Sadly, listening has become a lost art. We email and text on our cellular devices with little face-to-face communication.
“In my distress I called to the Lord; I called out to my God. From his temple he heard my voice; my cry came to his ears.” 2 Samuel 22:7
“You never listen to me!” “Did you hear what I just said?” Do these comments sound familiar?
Sadly, listening has become a lost art. We email and text on our cellular devices with little face-to-face communication. People listen with very little eye contact all the while looking around or checking their mobile phones. How many times have we thought about the long to-do list, our budget, or what to have for supper while someone is talking to us?
In contrast, God our Father, loves to listen to us. From the beginning of time, He heard the cries of His people.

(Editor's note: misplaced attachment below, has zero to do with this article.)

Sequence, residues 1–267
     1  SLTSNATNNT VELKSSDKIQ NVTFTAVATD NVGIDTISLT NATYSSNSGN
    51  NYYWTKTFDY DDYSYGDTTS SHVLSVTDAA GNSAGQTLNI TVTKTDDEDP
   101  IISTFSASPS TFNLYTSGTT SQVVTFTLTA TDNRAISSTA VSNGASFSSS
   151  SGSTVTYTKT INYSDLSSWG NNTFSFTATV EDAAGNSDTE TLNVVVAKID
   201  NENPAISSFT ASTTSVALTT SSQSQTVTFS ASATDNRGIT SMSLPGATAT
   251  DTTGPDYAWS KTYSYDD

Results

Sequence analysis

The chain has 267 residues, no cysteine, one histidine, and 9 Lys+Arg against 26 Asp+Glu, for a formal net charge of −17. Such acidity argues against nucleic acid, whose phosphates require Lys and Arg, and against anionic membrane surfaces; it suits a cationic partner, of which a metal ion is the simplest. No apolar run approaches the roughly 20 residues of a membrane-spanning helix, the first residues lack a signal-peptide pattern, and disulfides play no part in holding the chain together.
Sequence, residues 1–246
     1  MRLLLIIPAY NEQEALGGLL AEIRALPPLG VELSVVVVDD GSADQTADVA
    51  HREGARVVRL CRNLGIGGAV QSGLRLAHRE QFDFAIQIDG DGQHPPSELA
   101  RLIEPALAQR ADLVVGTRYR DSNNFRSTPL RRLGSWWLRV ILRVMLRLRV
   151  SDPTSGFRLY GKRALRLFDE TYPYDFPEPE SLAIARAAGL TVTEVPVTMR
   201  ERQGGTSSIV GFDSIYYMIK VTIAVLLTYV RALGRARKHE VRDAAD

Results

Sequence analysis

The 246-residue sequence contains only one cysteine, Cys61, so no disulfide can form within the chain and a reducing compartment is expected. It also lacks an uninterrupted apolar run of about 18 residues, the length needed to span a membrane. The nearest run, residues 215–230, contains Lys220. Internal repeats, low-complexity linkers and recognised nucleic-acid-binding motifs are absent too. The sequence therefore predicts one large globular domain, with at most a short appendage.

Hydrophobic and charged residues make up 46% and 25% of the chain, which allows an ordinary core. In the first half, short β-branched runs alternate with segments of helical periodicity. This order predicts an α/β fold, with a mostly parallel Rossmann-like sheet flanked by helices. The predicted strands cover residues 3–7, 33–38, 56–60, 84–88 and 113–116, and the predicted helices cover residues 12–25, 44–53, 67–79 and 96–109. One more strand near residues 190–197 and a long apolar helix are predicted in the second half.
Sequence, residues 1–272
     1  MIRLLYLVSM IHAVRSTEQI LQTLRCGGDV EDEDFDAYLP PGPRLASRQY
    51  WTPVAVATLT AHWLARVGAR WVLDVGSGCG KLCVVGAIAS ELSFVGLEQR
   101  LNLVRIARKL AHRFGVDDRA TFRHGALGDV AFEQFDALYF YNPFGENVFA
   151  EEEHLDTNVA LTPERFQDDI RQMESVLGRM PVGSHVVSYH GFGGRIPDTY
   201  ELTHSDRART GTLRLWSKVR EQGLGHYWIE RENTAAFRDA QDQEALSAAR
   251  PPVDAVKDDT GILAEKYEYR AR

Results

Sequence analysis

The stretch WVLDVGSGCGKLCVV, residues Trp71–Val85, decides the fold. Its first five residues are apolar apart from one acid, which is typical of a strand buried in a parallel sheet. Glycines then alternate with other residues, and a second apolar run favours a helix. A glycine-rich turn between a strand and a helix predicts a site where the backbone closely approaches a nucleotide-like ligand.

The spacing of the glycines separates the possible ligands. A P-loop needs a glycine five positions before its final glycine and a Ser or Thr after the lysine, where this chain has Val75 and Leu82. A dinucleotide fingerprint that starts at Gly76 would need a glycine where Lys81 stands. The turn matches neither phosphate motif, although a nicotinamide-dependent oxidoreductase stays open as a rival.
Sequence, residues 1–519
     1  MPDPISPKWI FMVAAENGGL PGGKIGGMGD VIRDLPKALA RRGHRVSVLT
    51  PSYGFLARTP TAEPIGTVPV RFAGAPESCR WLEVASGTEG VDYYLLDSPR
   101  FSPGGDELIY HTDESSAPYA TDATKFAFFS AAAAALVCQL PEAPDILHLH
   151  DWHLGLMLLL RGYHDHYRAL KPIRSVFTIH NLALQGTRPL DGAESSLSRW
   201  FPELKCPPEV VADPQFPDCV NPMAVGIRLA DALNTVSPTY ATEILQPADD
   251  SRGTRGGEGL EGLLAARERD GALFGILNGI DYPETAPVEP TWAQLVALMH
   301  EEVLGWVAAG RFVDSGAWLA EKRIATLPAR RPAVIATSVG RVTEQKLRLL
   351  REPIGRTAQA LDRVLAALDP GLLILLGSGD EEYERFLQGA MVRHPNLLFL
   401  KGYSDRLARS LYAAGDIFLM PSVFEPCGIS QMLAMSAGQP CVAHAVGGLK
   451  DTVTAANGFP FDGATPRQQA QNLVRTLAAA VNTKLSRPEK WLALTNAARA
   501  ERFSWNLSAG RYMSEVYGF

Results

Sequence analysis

Another verse found in Deuteronomy 26:7 says, “Then we cried out to the Lord, the God of our ancestors, and the Lord heard our voice and saw our misery, toil and oppression.”
We may feel people don’t listen to us, but without a doubt, our Heavenly Father hears our cries. In my hours of deep distress, and doubt, God has always been there to listen. No need to text or email because we have direct access to God, Our Listener. I love David’s words in 1 Samuel 22, “my cry came to his ears.”
Feeling we have been heard, our burden seems lighter encouraging us to move forward. God always listens to our heartfelt words whether it is one word for help or long in-depth details.
Then… we trust.
Father God, thank You that You are always ready to listen and hear our cry. We are grateful that You are willing and ready for us to communicate. Help us to trust you with our requests. We need strength and courage each and every day as our cries come to Your ears. In Your Holy Name, Amen.
Cry out to God believing that He hears you without any distractions. Make a conscious effort to talk to God throughout the day believing He hears your cries. Next time you are talking to someone, give them your ears, it will be an encouragement.
By Linda McCutcheon
Used by Permission